2003 winner, John Lieswyn, showing his now obvious superb form, made the split for the on fire HealthNet team, but he was alone, and the Navigators Insurance squad had three GC threats present in Mark Walters, David O'Loughlin, and Jeff Louder. Two each from the Polish Paged MBK, and Canadian Volkswagon Trek teams, and significant players such as Symmetric's Svein Tuft, and Amore & Vita's Domenica Passuello set the stage for a break that was going to gain some time. The Navigators Insurance team recognized the opportunity and put their three riders on the front of the group to drive a hard pace. The gap was quick to top 1 minute, and the HealthNet team knew they could not let this group get too comfortable a margin. America's strong domestic team hit the front of the main field hard and took pursuit as Lieswyn sat at the back of the lead group, hoping for reinforcements. The chase from behind was so strong, that eight riders broke clear, including three HealthNet's and two more Navigators, but the gap to the leaders was holding steady thanks to the strong cooperation of the Navigators, VW, and Paged MBK riders. Eventually, the chase backed off in an attempt to regroup, and the break built on its lead. As the gap crested two minutes, dissention arose among the leaders. Too many riders were not willing to contribute, and the resulting discussions caused the break to lose both speed and time. As the gap fell to 30 seconds, the Navigators Insurance riders began a series of attacks that would serve to pick up the pace and protect the advantage. Each attack was matched by Lieswyn, and although no one could break clear of the lead group, the momentum accelerated the leaders, and their gap grew to over 2 minutes. Still, it was a nervous energy that was protecting the break, not a cooperative effort, and with so many riders sitting on, the finish was likely going to be a tactical battle. The main objective for the Navigators Insurance team was to create a GC advantage by giving their three riders a cushion on the field, but the constantly rolling terrain, and a category 3 KOM made it difficult to keep the pace high with most of the riders sitting on. A tremendous bridging effort by Cyclingnews.com's Glen Chadwick swelled the group to 14, but the advantage was still over 2 minutes as the leaders began their rolling descent towards the finish. Then problems hit for the Navigators. The drizzle that had been peppering the field all day was now a steady rain, normally a good omen for an Irishman, but Mr. O'Loughlin's luck was running short. He snapped a rear derailleur cable with under 10 km to go, and after a quick bike change, O'Loughlin raced back to the leaders. Louder and Walters had now stopped working, and momentum dropped in the lead group. O'Loughlin raced through the follow cars and rejoined the leaders on a slight descent. With the momentum from the chase, he immediately attacked and the lead group split in half. The back group was able to chase down the leaders, but with only 5 km to go, the games had officially begun. Back in the field, HealthNet had taken up chase again, and as the leaders toyed with each other, the gap began to fade. Sensing danger Louder set pace for the Navigators in the lead group and the gap hovered at about 1 minute. The wet roads were going to make for a dangerous sprint as a fast descent led to two opposing turns in the last 700 meters.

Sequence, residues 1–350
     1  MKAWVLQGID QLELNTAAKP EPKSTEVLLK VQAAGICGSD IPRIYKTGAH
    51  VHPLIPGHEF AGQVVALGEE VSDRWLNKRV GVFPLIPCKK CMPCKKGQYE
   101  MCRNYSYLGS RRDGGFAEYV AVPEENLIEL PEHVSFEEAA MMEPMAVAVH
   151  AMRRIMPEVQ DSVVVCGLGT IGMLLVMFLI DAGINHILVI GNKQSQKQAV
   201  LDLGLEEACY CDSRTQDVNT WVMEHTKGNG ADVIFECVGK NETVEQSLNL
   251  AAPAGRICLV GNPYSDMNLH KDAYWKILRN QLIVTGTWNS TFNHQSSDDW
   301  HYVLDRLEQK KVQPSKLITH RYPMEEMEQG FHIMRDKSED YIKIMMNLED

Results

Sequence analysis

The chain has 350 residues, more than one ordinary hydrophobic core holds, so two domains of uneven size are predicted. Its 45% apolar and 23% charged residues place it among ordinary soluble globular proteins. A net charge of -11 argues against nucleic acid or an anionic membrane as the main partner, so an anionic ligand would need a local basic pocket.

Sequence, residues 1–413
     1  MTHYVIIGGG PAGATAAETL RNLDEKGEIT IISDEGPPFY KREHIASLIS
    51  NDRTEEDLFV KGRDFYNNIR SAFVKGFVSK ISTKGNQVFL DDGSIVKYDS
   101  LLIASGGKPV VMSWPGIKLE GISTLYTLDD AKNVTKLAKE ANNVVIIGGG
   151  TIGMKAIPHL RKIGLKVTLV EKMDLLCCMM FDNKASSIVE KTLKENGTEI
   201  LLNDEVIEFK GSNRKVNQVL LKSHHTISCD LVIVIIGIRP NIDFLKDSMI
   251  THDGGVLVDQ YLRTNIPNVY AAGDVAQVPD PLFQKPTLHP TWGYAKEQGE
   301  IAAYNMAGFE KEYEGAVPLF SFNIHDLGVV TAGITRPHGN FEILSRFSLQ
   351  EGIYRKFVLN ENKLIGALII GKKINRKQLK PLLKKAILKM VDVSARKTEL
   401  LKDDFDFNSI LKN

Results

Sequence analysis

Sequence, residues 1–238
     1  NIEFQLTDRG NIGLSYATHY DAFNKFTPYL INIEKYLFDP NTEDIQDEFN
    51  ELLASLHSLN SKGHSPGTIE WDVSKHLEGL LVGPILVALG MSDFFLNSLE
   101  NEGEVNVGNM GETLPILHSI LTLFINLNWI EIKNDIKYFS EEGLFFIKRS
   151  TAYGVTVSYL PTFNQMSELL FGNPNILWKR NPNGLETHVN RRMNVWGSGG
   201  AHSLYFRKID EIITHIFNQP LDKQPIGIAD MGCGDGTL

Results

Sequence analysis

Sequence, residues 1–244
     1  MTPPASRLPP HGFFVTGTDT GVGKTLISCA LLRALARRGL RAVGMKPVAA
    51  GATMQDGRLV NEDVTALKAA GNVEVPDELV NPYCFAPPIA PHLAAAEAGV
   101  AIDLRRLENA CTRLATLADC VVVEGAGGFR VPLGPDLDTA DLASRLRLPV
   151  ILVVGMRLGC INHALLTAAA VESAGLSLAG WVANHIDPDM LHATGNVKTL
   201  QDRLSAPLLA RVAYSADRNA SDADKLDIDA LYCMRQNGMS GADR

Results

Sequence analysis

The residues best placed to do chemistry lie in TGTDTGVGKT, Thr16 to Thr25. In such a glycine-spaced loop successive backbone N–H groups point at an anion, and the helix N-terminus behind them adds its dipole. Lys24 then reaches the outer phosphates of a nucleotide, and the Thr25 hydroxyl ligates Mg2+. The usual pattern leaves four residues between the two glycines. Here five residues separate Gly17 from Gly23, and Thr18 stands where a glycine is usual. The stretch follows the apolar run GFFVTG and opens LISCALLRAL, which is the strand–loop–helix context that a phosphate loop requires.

VW Trek's Martin Gilbert was the man with the most nerve as he pushed the last two turns and opened a slight gap. Louder pushed to close it, but Walters lost his wheel, and O'Loughlin was glued to Lieswyn, several riders back. Gilbert held for the win in front of Quebec's Dominique Rollin and Amore & Vita's Passuello. Louder crossed in 5th for the Navigators.

Stage 1
1. Gilbert
2. Rollin
3. Passuello

GC:
1. Gilbert
2. Rollin @ :06
3. Passuello @ :09
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Old 06-15-05, 08:46 PM
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I did this race only once and it was the hardest race i've ever done in my life. There is not a flat piece of ground in that area of Quebec just 3-4 km, 7-13% climbs one after another forever and the Lac Megantic observatory climb... 7km with one section at 21% most of it at 8-10%... just brutal. When i came home i was like a zombie for 2 or 3 days. took a break from the bike and after that i was an animal in the saddle... nothing else i did seemed hard anymore.
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Old 06-20-05, 09:26 PM
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Just wanted to bump this thread to gloat about another Aussie who's flying!!

Henk, Dodger and now Nathan O'Neill have won the Tour de Beauce.